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Canada puts in new rules for prescribing medical marijuana to veterans

The government is limiting how much veterans can be prescribed under federal rules, from 10 grams per day to just three.
Justin Ling
Montreal, CA

The Canadian government is slashing the limit on how much veterans can be prescribed under federal rules, from 10 grams per day to just three, and putting a hard cap on how much marijuana should cost, at $8.50 a gram.

That brings the rules in line with Health Canada recommendations, and may help curb runaway costs for the Veterans Affairs Canada drug insurance program.

VICE News wrote last week that the program was facing staggering cost overruns, while fears abound that veterans were being prescribed far more marijuana than needed.


“This is just our starting point,” promised Veterans Affairs Minister Kent Hehr in making the announcement. He blasted the previous government for dispensing marijuana to veterans “with no policy in place.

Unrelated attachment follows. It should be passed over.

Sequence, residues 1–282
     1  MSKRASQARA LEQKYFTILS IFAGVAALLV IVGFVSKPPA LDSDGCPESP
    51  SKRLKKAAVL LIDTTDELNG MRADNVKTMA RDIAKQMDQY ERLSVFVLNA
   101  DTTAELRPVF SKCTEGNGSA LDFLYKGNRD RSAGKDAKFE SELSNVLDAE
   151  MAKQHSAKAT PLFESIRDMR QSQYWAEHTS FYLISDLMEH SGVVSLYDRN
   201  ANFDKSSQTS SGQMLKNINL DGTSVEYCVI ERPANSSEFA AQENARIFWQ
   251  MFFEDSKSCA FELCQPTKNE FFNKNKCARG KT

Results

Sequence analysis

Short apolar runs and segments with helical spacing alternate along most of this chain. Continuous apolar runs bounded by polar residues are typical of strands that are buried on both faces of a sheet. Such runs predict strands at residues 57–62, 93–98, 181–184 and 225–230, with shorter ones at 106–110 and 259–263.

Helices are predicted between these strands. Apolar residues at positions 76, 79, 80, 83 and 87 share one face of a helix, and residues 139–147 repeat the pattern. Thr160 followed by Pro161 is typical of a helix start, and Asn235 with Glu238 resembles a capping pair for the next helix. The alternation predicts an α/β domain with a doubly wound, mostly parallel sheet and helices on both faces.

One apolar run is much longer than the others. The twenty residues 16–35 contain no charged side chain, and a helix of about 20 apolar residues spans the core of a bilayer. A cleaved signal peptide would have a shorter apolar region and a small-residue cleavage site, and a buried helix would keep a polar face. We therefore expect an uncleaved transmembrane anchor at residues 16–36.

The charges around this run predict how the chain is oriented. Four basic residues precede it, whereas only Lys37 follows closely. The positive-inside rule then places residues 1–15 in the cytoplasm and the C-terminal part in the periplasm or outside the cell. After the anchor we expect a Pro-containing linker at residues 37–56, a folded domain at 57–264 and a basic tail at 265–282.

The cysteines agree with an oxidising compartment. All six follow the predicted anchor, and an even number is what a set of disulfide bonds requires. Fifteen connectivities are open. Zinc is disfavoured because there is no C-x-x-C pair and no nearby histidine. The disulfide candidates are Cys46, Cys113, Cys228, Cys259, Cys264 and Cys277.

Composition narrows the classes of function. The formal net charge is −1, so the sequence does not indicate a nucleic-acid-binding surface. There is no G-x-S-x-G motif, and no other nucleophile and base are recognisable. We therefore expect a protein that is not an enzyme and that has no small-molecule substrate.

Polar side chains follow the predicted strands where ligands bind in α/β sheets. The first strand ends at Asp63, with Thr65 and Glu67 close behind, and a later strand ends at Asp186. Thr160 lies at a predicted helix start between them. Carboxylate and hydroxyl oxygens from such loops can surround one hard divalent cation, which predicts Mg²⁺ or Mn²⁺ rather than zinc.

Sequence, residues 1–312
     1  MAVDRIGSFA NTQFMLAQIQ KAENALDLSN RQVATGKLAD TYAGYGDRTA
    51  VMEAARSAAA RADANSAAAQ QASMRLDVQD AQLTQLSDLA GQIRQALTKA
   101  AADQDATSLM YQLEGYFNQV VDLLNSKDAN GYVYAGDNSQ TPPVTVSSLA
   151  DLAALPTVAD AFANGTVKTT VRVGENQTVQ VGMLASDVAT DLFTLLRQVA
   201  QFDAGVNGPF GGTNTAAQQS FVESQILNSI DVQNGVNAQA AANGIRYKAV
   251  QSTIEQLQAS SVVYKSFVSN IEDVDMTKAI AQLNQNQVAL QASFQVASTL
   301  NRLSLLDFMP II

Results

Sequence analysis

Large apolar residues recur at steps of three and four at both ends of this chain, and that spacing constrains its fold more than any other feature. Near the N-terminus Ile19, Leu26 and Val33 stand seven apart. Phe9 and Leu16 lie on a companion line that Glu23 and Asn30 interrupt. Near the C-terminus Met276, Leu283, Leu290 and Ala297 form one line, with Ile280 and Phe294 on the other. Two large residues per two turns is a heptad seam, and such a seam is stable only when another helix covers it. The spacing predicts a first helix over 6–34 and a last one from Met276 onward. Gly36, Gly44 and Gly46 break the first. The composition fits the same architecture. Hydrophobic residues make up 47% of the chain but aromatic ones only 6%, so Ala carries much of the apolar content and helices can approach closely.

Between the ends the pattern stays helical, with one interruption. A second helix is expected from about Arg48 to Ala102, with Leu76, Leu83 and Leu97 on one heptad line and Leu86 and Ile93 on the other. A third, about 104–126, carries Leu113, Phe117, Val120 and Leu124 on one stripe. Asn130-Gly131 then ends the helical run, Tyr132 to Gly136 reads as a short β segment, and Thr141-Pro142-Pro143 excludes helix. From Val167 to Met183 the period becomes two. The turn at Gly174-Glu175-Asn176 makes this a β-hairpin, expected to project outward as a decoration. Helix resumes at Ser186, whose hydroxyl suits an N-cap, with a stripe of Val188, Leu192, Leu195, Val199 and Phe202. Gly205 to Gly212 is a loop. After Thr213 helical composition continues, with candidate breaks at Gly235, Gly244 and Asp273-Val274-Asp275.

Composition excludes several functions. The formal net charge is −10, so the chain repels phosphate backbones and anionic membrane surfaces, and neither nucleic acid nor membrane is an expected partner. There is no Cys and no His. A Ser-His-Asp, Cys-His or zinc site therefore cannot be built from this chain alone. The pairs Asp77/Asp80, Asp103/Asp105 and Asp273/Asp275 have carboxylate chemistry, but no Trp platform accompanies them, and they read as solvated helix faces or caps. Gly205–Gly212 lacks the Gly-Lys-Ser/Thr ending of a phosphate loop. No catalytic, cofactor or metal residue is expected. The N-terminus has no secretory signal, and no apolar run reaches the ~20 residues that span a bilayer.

“It’s time to change that.”

The new rules are not absolute. Veterans who are currently receiving more than the three grams will be able to continue getting the drugs until May 21 of the coming year, and any veteran who wishes to continue receiving more of the plant will need a special exemption.

Issues with the current system can be traced back to licensed marijuana producers and vendors like Aphria, and marijuana consultancy groups like Marijuana For Trauma.

Aphria, in shareholder documents, bragged that veteran patients — who make up a significant chunk of their patient and revenue base — use “five times more than the average…patient.”

In the postal code where Marijuana For Trauma operates, there were 115 patients and more than 200,000 grams of marijuana sold in 2015 — working out to roughly five grams of marijuana per veteran per day. The average cost works out to more than $12 per gram in that same postal code.